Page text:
Timekeeping in the former East Germany

UMF Ruhla Caliber 24 Movement

UMF Ruhla 24-33

UMF Ruhla 24-33 – showing second hand sweep wheel – drawing from UMF Ruhla Materials Catalogue 1967

The UMF Ruhla Caliber 24 movement was designed in the early 1960s to ensure that materials for production could be sourced from within the German Democratic Republic or from other socialist nations to fit with the ideals of communism.

Ruhla described this movement, which was the mainstay of their watch production, as a “ruggedly designed mechanical type wristwatch which has been manufactured by the VEB Uhrenwerke Ruhla”. The movements were first produced in 1963.

The UMF Ruhla caliber 24 mainspring will power the watch for approximately 28 hours continuous running. The movement was adapted by the company to be produced in order to provide several different functions. It could be fitted with a sweep second wheel, sweep second wheel and date indicator, eccentric second wheel or a moon phase indicator.

The movement has a yoke type winding mechanism, a pin-pallet escapement with a safety blade and roller. the pallet as well as the balance are located under separate cocks, this providing for easy repairability. The barrel can be easily removed separately. The tension on the spring can be relaxed from the rear of the movement.

Ruhla Calibre 24

Ruhla Calibre 24

The size of the caliber 24 movement gave the Ruhla watch factory the flexibility to use the movement in men’s, women’s and children’s watches. It was also used for pocket watches and small size alarm clocks such as the Sumatic and Midimatic clocks.

From 1973, the factory automated the production of the caliber 24 movement and applied strict quality controls to ensure consistent quality watches.



Know your Calibre 24!

Escapement: Pin Pallet Escapement with a Safety Blade and Roller
Balance Spring: Temperature Compensating
Accuracy: +240 sec/ – 120 sec/day
Number of Beats per Hour: 18,000
Diameter of movement: 24mm
Height of movement: 6mm

UMF Ruhla Calibre 24-xx Movement  UMF Ruhla Calibre 24-xx (24, 30, 31, 39)

24 – Punktuhr using clear discs with dots to display hour and minutes
30 – no seconds
31 – small seconds
39 – Battery powered alarm clock Sumatic and Midimatic

UMF Ruhla Calibre 24-32 Movement  UMF Ruhla Calibre 24-32

Central second hand



UMF Ruhla Calibre 24-33 Movement  UMF Ruhla Calibre 24-33

Central second hand and date



UMF Ruhla Calibre 24-34 Movement  UMF Ruhla Calibre 24-34

Digital display for mens mechanical digital



UMF Ruhla Calibre 24-35 Movement  UMF Ruhla Calibre 24-35

Chronograph stop mechanism



UMF Ruhla Calibre 24-36 Movement  UMF Ruhla Calibre 24-36

Digital display for women’s mechanical digital


7 responses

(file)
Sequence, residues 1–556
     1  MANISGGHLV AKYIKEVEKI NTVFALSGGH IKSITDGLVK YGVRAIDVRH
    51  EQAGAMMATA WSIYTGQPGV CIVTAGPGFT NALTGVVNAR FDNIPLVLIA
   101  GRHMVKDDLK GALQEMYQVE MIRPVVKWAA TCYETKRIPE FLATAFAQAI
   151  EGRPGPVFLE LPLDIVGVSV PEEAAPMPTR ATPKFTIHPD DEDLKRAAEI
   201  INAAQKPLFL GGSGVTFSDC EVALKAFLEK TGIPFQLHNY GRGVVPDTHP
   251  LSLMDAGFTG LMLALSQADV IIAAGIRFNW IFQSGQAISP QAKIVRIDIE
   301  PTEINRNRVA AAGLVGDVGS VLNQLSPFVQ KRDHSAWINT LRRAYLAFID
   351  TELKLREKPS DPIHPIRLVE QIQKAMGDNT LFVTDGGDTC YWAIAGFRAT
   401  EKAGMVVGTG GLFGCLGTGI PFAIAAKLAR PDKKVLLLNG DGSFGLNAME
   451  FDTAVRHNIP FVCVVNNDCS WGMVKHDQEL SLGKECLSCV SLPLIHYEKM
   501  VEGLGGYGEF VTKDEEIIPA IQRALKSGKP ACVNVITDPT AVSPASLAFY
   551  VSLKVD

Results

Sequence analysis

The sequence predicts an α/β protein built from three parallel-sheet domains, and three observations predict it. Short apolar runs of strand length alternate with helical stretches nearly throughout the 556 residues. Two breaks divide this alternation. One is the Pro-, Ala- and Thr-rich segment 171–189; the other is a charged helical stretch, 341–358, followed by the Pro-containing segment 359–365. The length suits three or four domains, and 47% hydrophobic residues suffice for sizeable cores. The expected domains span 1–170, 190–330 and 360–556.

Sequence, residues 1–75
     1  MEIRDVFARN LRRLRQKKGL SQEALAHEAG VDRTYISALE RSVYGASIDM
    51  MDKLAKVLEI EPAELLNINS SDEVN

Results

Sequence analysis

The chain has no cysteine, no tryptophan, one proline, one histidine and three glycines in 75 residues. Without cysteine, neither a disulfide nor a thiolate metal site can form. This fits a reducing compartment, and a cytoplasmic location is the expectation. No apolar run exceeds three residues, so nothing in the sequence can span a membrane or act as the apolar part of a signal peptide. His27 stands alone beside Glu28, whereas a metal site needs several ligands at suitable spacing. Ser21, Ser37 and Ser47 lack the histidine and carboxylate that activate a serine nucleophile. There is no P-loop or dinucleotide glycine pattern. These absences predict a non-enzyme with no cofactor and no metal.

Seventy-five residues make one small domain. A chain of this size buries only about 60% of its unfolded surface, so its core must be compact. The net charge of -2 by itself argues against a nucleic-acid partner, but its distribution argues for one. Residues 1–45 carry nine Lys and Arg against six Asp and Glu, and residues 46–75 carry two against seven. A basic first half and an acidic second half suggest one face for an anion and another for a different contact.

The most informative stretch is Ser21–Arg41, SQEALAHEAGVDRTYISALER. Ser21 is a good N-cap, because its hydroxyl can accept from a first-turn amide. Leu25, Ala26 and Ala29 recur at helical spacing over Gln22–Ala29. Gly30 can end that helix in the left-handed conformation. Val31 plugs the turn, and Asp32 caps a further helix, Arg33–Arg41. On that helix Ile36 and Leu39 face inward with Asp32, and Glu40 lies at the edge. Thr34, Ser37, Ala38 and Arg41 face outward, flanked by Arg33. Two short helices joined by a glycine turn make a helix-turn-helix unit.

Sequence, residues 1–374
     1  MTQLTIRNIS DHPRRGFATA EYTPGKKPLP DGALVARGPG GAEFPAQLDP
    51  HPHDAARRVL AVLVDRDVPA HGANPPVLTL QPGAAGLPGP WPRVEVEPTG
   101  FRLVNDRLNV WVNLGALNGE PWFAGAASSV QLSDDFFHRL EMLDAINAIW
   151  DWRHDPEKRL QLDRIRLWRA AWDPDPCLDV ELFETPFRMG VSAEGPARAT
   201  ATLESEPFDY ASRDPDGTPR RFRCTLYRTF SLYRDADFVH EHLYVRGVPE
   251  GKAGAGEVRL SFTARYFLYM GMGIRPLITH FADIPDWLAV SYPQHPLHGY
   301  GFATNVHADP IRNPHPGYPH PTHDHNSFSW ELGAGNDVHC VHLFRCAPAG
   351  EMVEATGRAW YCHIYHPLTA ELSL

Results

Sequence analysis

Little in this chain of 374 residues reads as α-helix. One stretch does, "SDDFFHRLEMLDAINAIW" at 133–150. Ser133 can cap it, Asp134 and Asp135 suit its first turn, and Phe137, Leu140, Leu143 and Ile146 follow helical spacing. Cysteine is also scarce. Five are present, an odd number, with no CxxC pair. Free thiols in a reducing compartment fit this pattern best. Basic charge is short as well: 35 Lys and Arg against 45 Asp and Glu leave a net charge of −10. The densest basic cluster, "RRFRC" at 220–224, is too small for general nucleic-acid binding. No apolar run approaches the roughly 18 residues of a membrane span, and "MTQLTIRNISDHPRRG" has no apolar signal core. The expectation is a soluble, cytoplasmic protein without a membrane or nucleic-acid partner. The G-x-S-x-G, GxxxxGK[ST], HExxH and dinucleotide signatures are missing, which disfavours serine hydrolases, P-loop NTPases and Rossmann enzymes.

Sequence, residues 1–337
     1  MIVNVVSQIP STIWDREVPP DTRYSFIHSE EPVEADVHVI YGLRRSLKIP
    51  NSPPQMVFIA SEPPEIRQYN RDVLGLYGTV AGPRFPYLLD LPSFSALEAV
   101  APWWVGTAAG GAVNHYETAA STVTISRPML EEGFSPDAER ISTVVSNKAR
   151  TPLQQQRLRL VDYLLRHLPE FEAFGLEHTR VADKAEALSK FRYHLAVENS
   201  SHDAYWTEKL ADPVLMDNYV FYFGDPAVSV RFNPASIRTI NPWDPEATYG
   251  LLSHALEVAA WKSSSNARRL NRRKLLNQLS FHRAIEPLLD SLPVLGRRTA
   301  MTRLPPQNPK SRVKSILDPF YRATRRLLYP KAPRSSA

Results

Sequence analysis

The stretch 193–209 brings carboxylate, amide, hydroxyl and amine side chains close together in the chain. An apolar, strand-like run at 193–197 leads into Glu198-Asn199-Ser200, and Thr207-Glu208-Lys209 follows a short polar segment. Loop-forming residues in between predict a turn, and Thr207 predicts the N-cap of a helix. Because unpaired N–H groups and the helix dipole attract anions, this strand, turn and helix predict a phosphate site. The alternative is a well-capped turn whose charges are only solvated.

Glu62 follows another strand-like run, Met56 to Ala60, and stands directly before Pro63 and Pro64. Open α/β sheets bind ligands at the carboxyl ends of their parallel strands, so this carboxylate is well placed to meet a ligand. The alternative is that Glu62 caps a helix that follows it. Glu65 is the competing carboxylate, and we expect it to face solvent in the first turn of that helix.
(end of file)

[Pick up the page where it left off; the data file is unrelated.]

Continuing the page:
1. Dave

    I bought a cute old Ruhla, and knew it’s Cal24 but didn’t know what that is. Now I do. Thank you!

    April 1, 2018 at 7:40 pm

  2. Dennis

    Many thanks for this highly informative website and the time and effort you put in!
    Do you know if the calibre 24-35 housed in the chronograph was waterproofed anyhow, and if so, to which depth?

    February 7, 2018 at 11:21 am

    • Thank you. I am pleased you like the website.

      The calibre 24-35 Chronograf was housed in a “waterproof” case. Both the crown and stop buttons have rubber gaskets as does the case back. The case back often depicts a mermaid for added emphasis! The chronograf was also supplied with a waterproof warranty paper with its instructions in the original packing. However, the waterproof ability would only have been basic as at the time of production in the 1970s many watches were labelled as waterproof but were only actually water resistant. Consumer laws changed in many countries in the 1970s and watches which were previously labelled as waterproof had to be changed to water resistant. Water resistance is the equivalent of about 3 ATM which is splash proof. There are Ruhlas with higher water resistance one of which can be found on my 1970s page. These are labelled on the dial as “100% Wasserdicht”. These watches state on the dial 8TM 80 meters. Having said all that, as these are vintage watches, and as with any vintage watch waterproof properties can no longer be guaranteed and I would not recommend testing them out in water!

      February 7, 2018 at 2:11 pm

      • Dennis

        Hi Sekondtime,

        many thanks for your elaboration – i certainly wouldn´t test the watch under water, as i don´t trust rubber gaskets after 40+ years of service 🙂

        February 7, 2018 at 3:30 pm

  3. Konrad

    Dear Sir, thank you very much for your work in creating a very informative site.

    September 22, 2017 at 4:04 pm

    • Thank you! I am pleased you found it interesting.


      September 22, 2017 at 6:39 pm

  4. Marie Thérèse Collot

    Superbe site merci.

    June 5, 2017 at 8:21 am

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